Tuesday, 1 December 2009

WTF: Wrap Up, Vol. 2

I left a lot unsaid in my last post, mainly because I didn’t want to miss out on perhaps a once-in-a-lifetime opportunity at giving Davy the attention and recognition he deserves.

But this has been the best TMC, sorry WTF, I remember seeing for years, notable not only for the new fangled facilities, but also for the high quality of play and only a single injury timeout administered to Nadal’s back.

Seven other players were responsible for that.

Juan Martin del Potro

In my WTF Preview I gave Juan Marteen little more than a broken wing and a prayer that looked like it might have been composed and delivered by the very devil himself.

I was wrong; and it’s not the first time this year either.

image (GLYN KIRK/AFP/Getty Images)

Juan’s maturity and mental fortitude are off the charts in a way that might return to bite me time after time. At least until I make a more concerted effort to stop misjudging him so.

After his shadowy opener against Murray, remembered more for his nasal emissions than anything that happened on court, Juan-Marteen lifted his game in a way which has become something of a hallmark of his year.

During his semi final against Soderling, which was perhaps the tightest (as well as the punchiest) match of the week, I actually felt Robin was more reliant on his big-serving than those titanic groundies of his, which for the first two sets, had the feel of a minor skirmish at a Greenpeace Rally, rather than the front line of that proverbial riot.

Only in that final set (where amongst other things, Soderling somewhat bizarrely began to read Delpo’s serve better than anyone else this week), did Robin reacquire that depth and pace to his shots once again, and suddenly it felt like the bar-room brawl from hell so many of Sir Robin’s fans had paid good money to see.

Somewhat ironic then, that he went on to lose the match? Not in my book.

Juan did an excellent job of pacing himself and standing tall in the face of the biggest and most monolithic barrage of serving we had all week, and raised his game at just the right moment. As far as I’m concerned the better player won, even though you all know how heavily I was rooting for Sir Robin.

Pacing appears to be arguably one of Juan’s biggest weapons this season. He can go through an event looking fatigued, disinterested even, but then recognise the need to bring out his best at the moments when it matters most – quite the antithesis of Dasco.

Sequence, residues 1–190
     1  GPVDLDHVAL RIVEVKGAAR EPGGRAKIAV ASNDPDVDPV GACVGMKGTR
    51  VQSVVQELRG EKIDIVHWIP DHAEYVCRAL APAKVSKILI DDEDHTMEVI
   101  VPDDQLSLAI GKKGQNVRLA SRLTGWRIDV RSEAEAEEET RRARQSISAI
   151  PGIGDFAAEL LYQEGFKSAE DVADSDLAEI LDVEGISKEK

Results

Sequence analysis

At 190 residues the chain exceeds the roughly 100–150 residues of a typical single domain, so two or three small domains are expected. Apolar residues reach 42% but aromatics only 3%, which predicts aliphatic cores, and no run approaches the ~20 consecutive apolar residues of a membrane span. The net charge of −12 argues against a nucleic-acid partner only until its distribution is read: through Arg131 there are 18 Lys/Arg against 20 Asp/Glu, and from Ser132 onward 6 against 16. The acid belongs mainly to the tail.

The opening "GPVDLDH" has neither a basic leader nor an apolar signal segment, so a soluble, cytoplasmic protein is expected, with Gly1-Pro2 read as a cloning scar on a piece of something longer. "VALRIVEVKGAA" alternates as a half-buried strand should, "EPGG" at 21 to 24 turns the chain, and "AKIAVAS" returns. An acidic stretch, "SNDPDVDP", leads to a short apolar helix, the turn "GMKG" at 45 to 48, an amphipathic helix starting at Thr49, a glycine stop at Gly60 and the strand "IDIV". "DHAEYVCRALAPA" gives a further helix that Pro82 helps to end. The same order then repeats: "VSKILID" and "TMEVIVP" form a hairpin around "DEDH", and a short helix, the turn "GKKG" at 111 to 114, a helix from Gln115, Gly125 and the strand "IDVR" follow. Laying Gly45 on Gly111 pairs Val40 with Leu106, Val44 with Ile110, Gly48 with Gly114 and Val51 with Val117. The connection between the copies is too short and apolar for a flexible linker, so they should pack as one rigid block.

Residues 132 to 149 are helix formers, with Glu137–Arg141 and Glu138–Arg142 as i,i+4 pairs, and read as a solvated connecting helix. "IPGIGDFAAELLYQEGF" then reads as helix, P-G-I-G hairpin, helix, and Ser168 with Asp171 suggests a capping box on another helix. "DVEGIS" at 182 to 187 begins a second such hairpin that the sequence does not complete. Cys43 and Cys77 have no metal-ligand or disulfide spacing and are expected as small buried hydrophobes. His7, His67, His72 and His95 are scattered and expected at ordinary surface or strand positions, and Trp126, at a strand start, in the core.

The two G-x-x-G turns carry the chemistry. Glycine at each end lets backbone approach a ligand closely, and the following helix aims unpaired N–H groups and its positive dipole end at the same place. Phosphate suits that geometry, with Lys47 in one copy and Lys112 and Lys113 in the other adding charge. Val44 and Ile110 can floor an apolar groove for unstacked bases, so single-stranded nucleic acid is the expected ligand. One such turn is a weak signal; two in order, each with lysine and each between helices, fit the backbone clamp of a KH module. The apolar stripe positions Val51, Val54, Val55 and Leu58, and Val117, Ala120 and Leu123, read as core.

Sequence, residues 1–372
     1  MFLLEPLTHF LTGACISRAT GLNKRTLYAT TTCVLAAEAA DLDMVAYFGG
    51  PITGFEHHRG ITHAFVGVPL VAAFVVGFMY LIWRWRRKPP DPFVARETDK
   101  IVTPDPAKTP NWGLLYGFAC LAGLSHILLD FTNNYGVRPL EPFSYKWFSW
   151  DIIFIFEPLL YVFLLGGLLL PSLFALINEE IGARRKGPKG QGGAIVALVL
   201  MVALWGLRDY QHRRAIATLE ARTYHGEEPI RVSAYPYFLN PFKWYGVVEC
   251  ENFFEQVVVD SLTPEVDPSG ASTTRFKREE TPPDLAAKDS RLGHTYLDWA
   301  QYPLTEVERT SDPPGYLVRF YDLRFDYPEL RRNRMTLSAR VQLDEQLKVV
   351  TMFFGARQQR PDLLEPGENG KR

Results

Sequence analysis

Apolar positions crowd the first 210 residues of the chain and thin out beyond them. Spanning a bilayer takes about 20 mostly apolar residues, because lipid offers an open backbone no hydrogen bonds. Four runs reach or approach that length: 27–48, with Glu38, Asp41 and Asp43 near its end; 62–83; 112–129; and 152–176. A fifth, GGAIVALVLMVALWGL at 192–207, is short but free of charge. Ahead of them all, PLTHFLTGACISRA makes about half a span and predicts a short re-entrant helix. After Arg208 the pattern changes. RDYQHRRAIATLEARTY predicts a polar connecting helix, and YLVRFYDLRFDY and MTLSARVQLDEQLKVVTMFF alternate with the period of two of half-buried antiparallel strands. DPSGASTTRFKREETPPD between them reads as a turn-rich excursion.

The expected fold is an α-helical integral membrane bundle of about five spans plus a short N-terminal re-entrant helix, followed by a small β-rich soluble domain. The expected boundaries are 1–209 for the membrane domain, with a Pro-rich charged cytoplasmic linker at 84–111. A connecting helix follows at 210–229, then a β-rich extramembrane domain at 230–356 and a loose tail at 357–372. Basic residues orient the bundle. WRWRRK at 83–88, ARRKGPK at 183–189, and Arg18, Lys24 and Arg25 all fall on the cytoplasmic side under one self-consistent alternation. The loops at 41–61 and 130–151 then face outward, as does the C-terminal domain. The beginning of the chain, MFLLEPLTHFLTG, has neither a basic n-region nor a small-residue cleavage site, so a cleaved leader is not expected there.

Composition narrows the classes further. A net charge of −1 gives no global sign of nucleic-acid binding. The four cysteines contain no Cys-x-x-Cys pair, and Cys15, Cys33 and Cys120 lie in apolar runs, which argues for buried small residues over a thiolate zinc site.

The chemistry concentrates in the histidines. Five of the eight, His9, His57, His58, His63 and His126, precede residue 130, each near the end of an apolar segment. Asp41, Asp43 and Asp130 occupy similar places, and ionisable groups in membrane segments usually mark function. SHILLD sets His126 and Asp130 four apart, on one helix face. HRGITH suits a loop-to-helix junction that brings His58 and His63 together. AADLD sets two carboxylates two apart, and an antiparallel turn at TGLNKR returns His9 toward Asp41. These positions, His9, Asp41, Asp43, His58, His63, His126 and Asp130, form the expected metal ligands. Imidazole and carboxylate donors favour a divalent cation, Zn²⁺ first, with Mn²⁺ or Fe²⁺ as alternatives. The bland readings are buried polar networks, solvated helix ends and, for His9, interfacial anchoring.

And he saves his best right now, for the very best, in particular one Roger Federer.

If I have but one criticism of such a strategy, it’s that tennis is a constantly evolving sport, and though this approach has worked it’s wonders at the highest levels this year, next year represents a different prospect; one which might benefit from spreading oneself more evenly.

Arise, Sir Robin ‘Rants-a-lot’ Soderling

Despite the eleventh hour switching of my loyalties in favour of Davy, know that I still suffer agonies over Robin.

Delpo was the better player, but it wasn’t inconceivable for Sir Robin to make the finals; and I’m not sure which way my wavering support would have gone had he achieved that.

Before I go on though, I’d better credit Novak Djokovic for his knighting of ‘Sir’ Robin. He came up with the name after playing his last match in the group stages, when told how he was reliant on Big Rob defeating Kolya, to remain in the event.

Alas, it was never meant to be.


(Image Credit: Marria Khan)

Sir Robin fought valiantly under the banner of inelegance and in the cause of unfettered delinquency with all his might, but struck his last blow under a barrage of Argentinian fly-swatters.

So arise Sir Robin, and return to your Swedish Kingdom not in disgrace but as one anointed.

Safe in the knowledge that no one, but no one disturbs the peace quite like you do.


Or something.

Yes, I know there’s nothing idyllic, mythic or remotely Camelot-like about Big Rob dressed as a Centurion, but it’s the most thematically appropriate picture I could find.

I had some concerns about his form coming into this, mostly because of that state of stupor we left him in at Paris.

That he came through against Nadal as easily as he did, didn’t completely banish my fears. The fact that Nadal was out of sorts was more than just common knowledge, and Robin saw him off seemingly without having to change gears.

However after Djoko’s demolition, and with him being the first to make the semis, it was quite clear that Big Rob had arrived.

I could list a bunch of reasons why I celebrate what he’s achieved this year, or why I appreciate his presence at the top of the game so very much.

It mostly all boils down to the fact that no one in the top ten plays quite like him, and the introduction of a force as potent as his can push the game to heights it might not otherwise see.

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